Campbell played wide receiver at Washington State University from 1959 to 1962. During that time he appeared in the Hula Bowl, the College All-Star game, the Coaches All-America game and the East-West Shrine Bowl. Campbell snagged most outstanding player honours in the Coaches and the Shrine Bowl games. He was also awarded the 1961 W. J. Voit Memorial Trophy as the outstanding football player on the Pacific Coast. During his Cougar career he was teamed with fellow CFL Hall of Famer George Reed.
Campbell joined the Saskatchewan Roughriders in 1963 and "Gluey Hughy", as he became known, was a key element of their Grey Cup winning team in 1966. Campbell quit the Roughriders in 1968 to take a position as assistant coach at Washington State but returned for a final year with the Roughriders in 1969. In his six CFL seasons, Campbell caught 321 passes for an average gain of 16.9 yards per reception and scored 60 touchdowns, including 17 TD receptions in 1966. Campbell received western conference all-star honours as a flanker in 1964, 1965, 1966 and 1969. He was a CFL all-star in 1965 and 1966.
Campbell retired as a player after the 1969 season to take up a head coaching job at Whitworth College in Spokane, Washington. During his seven-year tenure as coach, Campbell revived Whitworth's moribund football program and was named conference coach of the year three times.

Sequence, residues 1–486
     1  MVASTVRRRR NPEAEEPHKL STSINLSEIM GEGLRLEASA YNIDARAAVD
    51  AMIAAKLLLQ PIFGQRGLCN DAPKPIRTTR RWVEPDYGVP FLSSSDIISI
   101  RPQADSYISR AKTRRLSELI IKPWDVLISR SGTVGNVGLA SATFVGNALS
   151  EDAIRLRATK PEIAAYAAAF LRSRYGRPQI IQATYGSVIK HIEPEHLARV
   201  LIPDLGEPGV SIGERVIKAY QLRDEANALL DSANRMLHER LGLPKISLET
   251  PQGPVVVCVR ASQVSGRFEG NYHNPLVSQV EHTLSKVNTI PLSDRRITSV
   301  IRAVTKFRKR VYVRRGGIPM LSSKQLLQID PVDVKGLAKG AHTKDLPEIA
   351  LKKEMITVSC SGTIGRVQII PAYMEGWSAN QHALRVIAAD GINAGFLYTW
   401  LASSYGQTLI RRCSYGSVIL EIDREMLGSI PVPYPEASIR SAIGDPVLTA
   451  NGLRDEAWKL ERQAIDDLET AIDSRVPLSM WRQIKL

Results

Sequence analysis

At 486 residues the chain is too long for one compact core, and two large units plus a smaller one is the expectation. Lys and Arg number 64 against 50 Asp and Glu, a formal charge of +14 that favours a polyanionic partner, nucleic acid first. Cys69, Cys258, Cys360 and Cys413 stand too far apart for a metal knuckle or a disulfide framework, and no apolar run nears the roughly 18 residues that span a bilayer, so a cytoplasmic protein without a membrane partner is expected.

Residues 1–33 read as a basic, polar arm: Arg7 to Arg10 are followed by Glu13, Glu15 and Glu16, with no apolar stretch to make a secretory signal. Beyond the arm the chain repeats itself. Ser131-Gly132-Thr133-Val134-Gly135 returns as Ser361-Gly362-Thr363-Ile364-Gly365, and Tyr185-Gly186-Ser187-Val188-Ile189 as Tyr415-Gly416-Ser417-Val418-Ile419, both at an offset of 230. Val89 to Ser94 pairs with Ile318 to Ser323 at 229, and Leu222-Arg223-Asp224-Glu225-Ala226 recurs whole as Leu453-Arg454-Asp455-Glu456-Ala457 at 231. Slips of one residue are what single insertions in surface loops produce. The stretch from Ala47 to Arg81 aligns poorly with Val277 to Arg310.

In 1977, Campbell was named head coach of the Edmonton Eskimos. He took the Eskimos to the Grey Cup that first year but lost 41–6 in a blowout on an icy field against the Montreal Alouettes. It was the last Grey Cup championship game coach Campbell would lose as the Eskimos won the next five Grey Cup games, from 1978 through 1982. Following the 1982 season, Campbell left to become the head coach of the USFL's Los Angeles Express. After one season, he would move to the NFL where he served as head coach of the Houston Oilers for the 1984 and 1985 seasons. In 1986 he returned to the Eskimos as the team's general manager. After 20 years as the head of the Eskimos organization, Campbell announced his retirement effective the end of 2006.